Thursday, May 06, 2010

Eight vote loss

Really nine, I suppose. Could it have had something to do with this letter to the editor? ;-)

Wednesday, May 05, 2010

Life of an article -- final version

A recent article of mine over on the Blog at -- the final version of an article that evolved here and here:

Time Is on Our Side
Jim Fedako

Living at the intellectual margin can challenge even the most ardent advocate of free markets and liberty. However, I contend that history is on our side.

In the preface to his book Marx's Religion of Revolution (1989), Gary North writes of an intellectual movement that was for years confined to the dark recesses of coffeehouses and tearooms.

Igor Shafarevich, the Soviet mathematician and critic of Marxism, made a very important observation in his classic book, The Socialist Phenomenon (1975). He said that peculiar little socialist groups debate for years about the details of their odd-ball social theories, and then, almost overnight, their ideas become widely believed, and societies are restructured in terms of them.

When I am feeling down because of the political landscape, I think of that passage. Change one word and you have this bit of encouragement, "He said that peculiar little anarcholibertarian groups debate for years about the details of their oddball social theories, and then, almost overnight, their ideas become widely believed, and societies are restructured in terms of them."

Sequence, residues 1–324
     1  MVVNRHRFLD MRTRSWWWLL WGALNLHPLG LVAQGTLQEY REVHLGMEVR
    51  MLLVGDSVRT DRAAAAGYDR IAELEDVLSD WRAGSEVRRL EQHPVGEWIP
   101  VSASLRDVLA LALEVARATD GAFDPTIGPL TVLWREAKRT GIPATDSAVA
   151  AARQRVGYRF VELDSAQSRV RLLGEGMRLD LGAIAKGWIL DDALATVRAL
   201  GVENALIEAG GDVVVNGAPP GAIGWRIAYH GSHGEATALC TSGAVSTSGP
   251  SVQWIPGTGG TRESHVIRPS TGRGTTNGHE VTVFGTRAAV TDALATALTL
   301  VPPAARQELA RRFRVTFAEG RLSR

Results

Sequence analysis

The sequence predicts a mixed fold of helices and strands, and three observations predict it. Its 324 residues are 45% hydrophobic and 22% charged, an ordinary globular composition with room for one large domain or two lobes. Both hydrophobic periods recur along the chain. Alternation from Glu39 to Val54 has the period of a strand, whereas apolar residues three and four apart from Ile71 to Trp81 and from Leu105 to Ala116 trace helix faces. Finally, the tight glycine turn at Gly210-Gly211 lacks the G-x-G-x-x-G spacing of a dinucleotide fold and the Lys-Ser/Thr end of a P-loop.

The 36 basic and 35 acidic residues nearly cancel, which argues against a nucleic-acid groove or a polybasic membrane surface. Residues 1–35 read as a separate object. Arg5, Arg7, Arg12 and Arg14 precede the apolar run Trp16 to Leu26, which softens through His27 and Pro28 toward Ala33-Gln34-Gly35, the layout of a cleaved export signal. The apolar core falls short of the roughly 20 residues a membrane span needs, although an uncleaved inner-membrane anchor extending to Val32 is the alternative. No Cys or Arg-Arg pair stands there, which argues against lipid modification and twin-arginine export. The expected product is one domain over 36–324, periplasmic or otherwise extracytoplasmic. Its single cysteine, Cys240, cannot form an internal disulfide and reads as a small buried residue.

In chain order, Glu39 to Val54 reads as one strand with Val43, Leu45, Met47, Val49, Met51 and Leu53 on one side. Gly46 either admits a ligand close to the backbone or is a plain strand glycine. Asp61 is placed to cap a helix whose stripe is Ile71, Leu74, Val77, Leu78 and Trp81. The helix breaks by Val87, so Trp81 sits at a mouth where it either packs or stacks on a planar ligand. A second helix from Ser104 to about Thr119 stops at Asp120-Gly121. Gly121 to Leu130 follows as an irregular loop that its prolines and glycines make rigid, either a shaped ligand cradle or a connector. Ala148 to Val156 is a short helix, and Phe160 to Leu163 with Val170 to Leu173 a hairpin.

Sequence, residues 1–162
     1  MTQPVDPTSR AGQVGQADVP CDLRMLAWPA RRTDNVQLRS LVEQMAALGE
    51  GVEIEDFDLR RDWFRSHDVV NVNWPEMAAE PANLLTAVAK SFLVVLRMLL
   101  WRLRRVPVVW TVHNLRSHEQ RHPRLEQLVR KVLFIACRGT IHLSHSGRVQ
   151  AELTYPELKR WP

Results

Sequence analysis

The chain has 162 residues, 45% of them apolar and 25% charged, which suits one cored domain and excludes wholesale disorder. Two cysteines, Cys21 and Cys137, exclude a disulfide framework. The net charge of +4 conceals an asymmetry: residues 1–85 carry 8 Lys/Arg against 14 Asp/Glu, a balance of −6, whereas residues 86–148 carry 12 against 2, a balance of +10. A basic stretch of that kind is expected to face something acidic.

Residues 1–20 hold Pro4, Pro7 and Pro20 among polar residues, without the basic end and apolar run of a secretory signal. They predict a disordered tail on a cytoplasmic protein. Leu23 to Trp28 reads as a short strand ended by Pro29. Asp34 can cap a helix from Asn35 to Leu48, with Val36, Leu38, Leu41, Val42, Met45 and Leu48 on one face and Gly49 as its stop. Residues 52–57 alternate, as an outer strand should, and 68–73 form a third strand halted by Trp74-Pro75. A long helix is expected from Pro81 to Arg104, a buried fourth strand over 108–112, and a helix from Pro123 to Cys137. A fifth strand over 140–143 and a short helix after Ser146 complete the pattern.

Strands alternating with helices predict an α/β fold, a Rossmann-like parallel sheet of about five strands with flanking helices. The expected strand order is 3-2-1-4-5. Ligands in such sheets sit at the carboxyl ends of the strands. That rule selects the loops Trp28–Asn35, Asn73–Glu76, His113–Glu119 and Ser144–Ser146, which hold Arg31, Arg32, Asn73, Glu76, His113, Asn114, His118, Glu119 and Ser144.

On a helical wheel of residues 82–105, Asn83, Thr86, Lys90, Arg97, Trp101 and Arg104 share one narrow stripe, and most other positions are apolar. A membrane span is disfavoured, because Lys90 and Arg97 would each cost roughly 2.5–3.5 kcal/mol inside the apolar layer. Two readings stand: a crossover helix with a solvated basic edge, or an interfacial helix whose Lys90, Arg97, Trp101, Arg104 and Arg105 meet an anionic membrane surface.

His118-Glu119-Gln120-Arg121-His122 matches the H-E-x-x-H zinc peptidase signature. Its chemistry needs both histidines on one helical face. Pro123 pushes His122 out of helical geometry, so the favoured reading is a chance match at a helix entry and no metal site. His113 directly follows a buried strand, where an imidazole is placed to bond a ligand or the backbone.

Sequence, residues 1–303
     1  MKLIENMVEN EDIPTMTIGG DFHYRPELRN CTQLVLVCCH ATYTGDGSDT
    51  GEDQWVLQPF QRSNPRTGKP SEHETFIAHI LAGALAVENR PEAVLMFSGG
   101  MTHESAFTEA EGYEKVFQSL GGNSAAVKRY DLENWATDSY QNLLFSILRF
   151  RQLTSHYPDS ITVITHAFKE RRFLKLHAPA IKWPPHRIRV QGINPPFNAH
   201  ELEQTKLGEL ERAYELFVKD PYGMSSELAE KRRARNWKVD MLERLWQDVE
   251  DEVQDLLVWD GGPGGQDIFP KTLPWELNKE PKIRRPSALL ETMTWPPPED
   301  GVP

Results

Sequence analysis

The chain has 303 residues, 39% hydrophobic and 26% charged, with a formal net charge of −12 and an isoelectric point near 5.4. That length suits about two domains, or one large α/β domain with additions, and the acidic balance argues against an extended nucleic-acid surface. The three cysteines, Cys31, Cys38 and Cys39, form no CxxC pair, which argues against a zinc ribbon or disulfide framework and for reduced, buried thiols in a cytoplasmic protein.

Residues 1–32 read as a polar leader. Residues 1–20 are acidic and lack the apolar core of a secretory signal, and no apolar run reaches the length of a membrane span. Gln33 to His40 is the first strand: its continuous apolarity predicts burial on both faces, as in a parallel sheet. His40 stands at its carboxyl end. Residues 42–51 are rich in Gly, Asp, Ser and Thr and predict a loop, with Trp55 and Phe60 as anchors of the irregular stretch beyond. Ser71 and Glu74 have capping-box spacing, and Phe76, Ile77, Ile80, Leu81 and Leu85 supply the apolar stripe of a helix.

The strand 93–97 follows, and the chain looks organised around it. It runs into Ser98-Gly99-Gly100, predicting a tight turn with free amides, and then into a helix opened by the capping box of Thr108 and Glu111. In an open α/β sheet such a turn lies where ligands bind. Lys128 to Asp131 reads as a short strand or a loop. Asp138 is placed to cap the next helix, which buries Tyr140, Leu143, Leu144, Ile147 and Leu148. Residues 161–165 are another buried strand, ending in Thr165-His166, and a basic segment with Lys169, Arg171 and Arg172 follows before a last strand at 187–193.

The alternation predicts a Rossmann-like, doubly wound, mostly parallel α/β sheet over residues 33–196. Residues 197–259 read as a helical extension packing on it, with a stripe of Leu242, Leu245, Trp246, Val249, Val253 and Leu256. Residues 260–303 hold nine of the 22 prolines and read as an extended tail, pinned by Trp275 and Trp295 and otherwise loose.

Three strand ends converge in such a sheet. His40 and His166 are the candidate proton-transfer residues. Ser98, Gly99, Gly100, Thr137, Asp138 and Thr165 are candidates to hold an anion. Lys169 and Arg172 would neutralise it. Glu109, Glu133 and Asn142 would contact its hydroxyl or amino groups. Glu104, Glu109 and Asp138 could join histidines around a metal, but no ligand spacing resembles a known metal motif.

What a powerful statement. And a statement that may soon ring true, if we all do our part.

At one point during the recent The Birth and Death of the Fed conference, I sat with three other Austrians in the hotel sitting room discussing the details of our supposedly oddball social theories — the theories of free markets and liberty. Around us sat other peculiar little groups proposing various means for these very same theories to become widely believed once again, to serve as the guiding lights for a near-overnight restructuring of society. While the theories we debated are still not mainstream, a tipping point of sorts may be near.